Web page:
The Student Elections Commission within Boston University Student Government held a debate for the upcoming elections Monday night via video conferencing platform Zoom. The debate was open to all BU students and all five slates were present to answer questions posed by the SEC.
The debate began with opening statements from each of the slates: 4BU, BeLoudBU, ConnectBU, IgniteBU and OneBU. Each slate was given equal speaking time for opening statements and for responses to the five questions posed by the SEC co-chair, Minji Kwak, a freshman in the College of Arts and Sciences.
The SEC’s questions related to each slate’s policy and outlook on school spirit, popping the “BU bubble,” mental health, student involvement and their most important initiative for student government next year.
In response to the SEC’s first question on school spirit and inclusion, Daniel Kelly, a sophomore in CAS running for president on the 4BU slate, said his party wants to emphasize student inclusion in the SG decision making process, especially for students who are typically underrepresented in SG and senate.
“Adding senator positions for minority, LGBTQIA and international students is going to help expand the conversation,” Kelly said. “People don’t feel like student government is working for them, and that’s because there’s not that inclusivity.”
Kelly also said he believes low voter turnout in SG elections signifies the need for greater inclusivity and outreach on behalf of SG, as well as greater productivity in SG.
“More than 16,000 students don’t vote in the elections,” Kelly said. “That says something about the faith students have in the processes and outcomes of student government.”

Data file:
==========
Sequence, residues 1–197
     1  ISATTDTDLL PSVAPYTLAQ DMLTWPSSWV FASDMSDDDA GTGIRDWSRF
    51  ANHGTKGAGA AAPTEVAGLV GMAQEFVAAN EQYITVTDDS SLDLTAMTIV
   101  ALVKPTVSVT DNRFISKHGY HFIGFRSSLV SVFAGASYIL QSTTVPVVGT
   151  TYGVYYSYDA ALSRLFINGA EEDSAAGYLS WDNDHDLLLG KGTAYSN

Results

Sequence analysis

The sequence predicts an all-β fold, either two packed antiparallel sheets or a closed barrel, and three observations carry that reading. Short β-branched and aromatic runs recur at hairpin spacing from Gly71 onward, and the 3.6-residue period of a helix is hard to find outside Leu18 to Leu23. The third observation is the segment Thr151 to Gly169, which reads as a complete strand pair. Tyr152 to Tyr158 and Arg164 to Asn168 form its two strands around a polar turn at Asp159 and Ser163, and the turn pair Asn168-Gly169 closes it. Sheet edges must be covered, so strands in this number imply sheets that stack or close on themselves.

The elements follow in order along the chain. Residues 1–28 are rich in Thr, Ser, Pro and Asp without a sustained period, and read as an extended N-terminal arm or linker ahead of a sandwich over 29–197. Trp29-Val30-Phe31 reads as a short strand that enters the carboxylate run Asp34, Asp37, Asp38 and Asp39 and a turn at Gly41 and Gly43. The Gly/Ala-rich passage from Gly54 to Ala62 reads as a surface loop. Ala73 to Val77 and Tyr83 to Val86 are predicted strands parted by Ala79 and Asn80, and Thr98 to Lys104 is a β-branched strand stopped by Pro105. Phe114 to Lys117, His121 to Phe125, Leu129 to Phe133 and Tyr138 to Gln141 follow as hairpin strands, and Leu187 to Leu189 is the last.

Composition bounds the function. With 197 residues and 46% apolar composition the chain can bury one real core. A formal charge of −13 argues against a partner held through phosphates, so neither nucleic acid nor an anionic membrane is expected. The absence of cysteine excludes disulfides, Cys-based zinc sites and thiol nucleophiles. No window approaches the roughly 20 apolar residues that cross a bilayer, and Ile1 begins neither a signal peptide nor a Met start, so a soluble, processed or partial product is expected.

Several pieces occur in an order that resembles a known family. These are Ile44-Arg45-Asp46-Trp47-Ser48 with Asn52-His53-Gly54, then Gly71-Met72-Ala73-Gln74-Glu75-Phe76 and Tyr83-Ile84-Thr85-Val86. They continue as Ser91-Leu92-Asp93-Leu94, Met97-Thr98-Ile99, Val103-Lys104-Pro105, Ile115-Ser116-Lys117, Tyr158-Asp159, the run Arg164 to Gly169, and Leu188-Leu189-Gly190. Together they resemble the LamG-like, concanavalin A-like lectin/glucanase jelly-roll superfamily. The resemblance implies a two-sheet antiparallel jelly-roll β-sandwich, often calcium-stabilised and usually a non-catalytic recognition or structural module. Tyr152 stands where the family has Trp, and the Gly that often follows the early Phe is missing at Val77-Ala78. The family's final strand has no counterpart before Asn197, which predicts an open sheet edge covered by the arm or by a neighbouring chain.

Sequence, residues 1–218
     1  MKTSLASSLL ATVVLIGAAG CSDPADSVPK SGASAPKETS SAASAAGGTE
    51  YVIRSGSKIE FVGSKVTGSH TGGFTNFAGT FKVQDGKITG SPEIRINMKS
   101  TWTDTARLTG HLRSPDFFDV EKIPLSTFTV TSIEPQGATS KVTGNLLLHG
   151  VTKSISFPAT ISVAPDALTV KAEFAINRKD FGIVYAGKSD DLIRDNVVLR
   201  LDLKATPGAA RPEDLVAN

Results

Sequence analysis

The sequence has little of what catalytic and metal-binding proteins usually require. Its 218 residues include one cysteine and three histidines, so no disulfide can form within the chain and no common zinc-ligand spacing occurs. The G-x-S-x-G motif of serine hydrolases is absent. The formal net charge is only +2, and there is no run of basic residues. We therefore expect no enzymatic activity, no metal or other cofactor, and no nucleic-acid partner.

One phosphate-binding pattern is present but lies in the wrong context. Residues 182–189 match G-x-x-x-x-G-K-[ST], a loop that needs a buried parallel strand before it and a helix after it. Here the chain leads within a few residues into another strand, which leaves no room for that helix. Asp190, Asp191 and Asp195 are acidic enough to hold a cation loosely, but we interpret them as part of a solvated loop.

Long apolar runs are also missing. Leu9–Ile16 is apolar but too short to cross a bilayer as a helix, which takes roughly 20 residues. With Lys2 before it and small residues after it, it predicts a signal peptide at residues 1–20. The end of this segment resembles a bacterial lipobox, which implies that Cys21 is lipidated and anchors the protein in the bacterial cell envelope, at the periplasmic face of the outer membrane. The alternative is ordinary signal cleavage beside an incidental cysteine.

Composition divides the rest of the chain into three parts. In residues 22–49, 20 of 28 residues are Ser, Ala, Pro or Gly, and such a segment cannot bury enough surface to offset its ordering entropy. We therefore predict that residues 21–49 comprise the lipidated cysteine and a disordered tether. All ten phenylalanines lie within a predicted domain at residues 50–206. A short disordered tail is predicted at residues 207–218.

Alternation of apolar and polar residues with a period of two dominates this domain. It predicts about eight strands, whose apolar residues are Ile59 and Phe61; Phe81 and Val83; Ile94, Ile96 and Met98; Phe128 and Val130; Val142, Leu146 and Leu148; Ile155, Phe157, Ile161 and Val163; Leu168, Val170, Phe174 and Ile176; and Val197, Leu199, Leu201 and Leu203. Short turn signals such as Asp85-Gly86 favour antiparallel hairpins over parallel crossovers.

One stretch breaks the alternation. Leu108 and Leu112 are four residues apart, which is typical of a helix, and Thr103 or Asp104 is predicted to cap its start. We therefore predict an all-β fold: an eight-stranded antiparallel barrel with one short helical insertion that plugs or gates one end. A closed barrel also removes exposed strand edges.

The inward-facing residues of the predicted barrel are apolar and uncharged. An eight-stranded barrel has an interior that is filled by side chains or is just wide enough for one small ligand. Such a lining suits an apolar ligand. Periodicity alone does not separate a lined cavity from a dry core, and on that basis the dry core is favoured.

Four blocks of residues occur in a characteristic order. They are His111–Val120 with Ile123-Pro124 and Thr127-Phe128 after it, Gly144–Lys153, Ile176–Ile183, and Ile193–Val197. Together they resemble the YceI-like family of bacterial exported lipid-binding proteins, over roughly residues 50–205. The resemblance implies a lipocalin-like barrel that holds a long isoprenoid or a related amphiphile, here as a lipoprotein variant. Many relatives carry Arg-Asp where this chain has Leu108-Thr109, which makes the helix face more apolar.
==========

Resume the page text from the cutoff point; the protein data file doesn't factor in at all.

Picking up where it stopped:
All slates mentioned partnering with other student groups to enhance student voice in SG affairs, and several of the slates, including BeLoudBU and IgniteBU, said they hope to organize more on-campus events for BU students aimed at community building and school spirit.
On how to burst the “BU bubble,” Nyah Jordan, a sophomore in the College of Communication running for vice president of internal affairs on the OneBU slate, said her party hopes to focus on greater integration with the city of Boston through professional development and networking events for students.
“There shouldn’t be a reason that we don’t have access to all of the resources that Boston provides,” Jordan said.
Archelle Thelemaque, a junior in COM running for president on the BeLoudBU slate, said she hopes to fill the gap between BU’s campus and Boston through community service.
“I love this question,” Thelemaque said. “We are planning a ‘Shop with a Terrier Event’ where BU students would take underprivileged kids from Boston Public Schools holiday shopping during December.”
Collin McCormick, a junior in CAS running for president on the IgniteBU slate, said he believes a crucial action in connecting BU students with the city of Boston is reduced or free fare for the MBTA green line.
“We have to remind ourselves that the BU bubble is a self imposed barrier,” McCormick said. “We want to encourage students to go into Boston using the green line.”